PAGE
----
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Providing information to respondents in complex choice studies: A survey on recreational trail preferences in an urban nature park

29.01.2018Comments are closed.


outdoor recreation,
discrete choice experiment,
task complexity,
choice attributes


  • Ivan Sever, Institute for Tourism, Zagreb, Croatia
  • Dr. Miroslav Verbič, Univerza v Ljubljani, Ekonomska fakulteta


This paper examined the recreational trail preferences of visitors in the Medvednica Nature Park, a protected forest area on the outskirts of the City of Zagreb, the capital of Croatia. A discrete choice experiment (DCE) was conducted to get the insight into relative importance of different resource, social and managerial conditions in the park. Accounting for multiple site conditions requires a relatively large number of choice attributes, which may impose too high cognitive burden on respondents. On the other hand, ignoring relevant attributes may lead to the omitted variable bias. A split sample approach was used to find the balance between the possibility of omitted variable bias and cognitive burden; one version of the questionnaire used DCE with the lower number of attributes, of which some were multidimensional, while the other version used DCE with the greater number of more specific attributes. By using partial profile design in the latter experiment, the number of attributes in the choice task was identical in both experiments. Perceived difficulty of the choice task, self-reported choice certainty and choice consistency were similar across the two experiments. Heterogeneity in preferences and scale was detected in both experiments. Indications of non-compensatory behavior, and greater error variance among less experienced trail users were found in the partial profile experiment with more specific trail attributes, but not in the experiment with multidimensional attributes. Based on the research results, important managerial implications were derived. Non-visual sensory experiences of nature, namely fresh air and soundscape, were generally more important to trail users than visual experiences. Crowding was detected as an important characteristic of trail experience; however, trail users were willing to tolerate relatively high levels of crowding.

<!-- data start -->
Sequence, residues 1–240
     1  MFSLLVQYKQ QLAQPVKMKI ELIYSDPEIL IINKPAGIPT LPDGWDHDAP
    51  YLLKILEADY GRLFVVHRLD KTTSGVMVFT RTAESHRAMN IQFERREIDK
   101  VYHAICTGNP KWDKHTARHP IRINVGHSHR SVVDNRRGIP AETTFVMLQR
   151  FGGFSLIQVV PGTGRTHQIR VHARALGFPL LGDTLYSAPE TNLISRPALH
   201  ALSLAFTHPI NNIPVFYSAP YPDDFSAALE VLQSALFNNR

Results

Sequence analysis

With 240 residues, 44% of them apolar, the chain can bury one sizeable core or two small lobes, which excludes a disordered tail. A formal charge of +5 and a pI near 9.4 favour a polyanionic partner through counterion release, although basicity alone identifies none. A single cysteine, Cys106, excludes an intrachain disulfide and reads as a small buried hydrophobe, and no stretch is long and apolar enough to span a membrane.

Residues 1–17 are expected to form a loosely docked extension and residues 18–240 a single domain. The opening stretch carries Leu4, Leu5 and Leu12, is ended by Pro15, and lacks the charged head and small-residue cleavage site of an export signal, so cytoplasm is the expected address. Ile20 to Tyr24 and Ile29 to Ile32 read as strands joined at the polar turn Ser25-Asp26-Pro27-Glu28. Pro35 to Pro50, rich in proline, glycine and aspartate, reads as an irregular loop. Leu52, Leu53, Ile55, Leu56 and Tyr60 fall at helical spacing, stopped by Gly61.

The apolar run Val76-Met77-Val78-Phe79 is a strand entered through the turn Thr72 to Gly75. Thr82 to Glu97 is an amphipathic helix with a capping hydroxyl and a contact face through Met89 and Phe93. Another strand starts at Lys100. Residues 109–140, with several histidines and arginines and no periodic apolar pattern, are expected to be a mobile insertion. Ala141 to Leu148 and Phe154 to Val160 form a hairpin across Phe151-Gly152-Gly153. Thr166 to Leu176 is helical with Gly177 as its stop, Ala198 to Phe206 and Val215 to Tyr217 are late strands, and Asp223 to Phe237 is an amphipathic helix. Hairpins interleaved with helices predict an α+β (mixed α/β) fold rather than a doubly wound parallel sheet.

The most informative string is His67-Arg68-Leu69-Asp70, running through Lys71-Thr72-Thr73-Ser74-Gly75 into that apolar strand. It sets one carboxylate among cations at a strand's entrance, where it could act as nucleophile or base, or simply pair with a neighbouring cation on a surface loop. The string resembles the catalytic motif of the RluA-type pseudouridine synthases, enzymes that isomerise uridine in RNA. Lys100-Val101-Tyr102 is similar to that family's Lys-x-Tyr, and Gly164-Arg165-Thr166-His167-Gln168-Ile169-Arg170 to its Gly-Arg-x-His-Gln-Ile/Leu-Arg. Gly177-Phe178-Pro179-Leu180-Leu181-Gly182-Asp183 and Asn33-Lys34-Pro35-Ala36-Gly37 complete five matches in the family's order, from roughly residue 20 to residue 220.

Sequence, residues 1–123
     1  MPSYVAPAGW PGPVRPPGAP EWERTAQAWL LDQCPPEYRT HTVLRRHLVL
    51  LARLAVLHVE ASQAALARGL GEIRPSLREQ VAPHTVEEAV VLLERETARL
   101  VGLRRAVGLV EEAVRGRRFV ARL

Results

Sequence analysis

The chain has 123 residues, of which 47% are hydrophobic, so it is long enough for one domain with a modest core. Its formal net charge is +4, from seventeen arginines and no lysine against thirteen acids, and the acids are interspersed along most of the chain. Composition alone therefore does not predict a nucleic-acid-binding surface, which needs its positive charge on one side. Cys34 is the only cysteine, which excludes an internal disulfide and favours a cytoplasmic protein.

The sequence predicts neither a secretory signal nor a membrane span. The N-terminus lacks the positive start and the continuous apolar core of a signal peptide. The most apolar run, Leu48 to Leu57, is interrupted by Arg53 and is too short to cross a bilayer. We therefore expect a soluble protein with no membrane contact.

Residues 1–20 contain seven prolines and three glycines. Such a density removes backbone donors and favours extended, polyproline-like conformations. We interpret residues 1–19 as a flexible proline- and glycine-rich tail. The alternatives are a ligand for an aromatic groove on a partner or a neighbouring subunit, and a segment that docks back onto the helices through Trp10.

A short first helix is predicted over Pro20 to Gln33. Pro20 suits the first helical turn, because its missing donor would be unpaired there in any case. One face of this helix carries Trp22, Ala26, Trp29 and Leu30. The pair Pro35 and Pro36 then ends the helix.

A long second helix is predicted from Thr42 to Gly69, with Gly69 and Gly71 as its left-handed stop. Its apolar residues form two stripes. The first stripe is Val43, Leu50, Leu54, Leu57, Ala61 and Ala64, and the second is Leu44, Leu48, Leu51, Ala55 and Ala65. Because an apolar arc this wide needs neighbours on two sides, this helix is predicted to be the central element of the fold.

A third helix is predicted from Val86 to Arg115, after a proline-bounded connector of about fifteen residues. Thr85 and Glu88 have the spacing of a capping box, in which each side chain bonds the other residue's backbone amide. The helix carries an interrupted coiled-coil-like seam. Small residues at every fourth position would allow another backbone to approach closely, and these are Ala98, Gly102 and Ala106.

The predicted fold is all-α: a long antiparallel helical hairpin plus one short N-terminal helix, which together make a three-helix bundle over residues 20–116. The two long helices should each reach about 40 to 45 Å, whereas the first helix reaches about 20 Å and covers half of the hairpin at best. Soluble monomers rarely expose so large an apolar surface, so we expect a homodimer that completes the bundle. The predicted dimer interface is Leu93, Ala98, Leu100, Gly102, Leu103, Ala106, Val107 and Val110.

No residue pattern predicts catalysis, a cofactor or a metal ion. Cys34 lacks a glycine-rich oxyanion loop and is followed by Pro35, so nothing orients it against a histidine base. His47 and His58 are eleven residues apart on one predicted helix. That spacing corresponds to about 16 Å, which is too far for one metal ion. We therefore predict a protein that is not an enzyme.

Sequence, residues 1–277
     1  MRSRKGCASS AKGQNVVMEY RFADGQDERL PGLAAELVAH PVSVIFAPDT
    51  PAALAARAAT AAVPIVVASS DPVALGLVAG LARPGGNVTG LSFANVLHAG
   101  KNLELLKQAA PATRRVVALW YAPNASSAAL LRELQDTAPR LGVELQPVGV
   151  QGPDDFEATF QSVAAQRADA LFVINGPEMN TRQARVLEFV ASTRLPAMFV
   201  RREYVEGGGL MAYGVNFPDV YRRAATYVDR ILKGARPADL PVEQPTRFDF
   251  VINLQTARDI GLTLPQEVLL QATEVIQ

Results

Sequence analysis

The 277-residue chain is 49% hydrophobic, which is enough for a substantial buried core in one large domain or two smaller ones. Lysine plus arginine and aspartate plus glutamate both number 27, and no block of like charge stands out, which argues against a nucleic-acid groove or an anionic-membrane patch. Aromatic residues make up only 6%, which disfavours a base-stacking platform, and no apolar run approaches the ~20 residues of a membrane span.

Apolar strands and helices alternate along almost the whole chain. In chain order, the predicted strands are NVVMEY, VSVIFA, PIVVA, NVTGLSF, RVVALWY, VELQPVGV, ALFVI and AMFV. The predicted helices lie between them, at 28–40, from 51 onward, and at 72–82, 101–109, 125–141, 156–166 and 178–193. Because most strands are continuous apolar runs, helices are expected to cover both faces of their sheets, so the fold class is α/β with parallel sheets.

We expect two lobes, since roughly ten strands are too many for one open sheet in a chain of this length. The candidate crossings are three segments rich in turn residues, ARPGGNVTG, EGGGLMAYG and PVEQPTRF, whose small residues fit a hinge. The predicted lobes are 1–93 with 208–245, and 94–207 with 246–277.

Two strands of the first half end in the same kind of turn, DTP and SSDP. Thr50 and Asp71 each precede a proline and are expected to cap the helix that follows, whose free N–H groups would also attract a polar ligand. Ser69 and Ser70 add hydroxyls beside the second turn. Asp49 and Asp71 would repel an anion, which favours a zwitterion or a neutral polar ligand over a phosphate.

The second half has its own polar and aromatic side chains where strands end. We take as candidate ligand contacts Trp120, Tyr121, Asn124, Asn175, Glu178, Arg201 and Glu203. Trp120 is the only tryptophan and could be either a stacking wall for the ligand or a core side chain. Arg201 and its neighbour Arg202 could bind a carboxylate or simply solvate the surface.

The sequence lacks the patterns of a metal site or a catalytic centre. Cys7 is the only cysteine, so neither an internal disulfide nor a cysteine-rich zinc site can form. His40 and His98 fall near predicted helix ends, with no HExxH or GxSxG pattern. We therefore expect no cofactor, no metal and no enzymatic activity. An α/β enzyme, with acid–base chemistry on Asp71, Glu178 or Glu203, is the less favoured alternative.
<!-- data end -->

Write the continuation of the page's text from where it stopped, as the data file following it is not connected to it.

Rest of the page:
Landscape and Urban Planning, 169(2018), page 160-177


JCR SCI 2016 IF 4,563

The article is available here.

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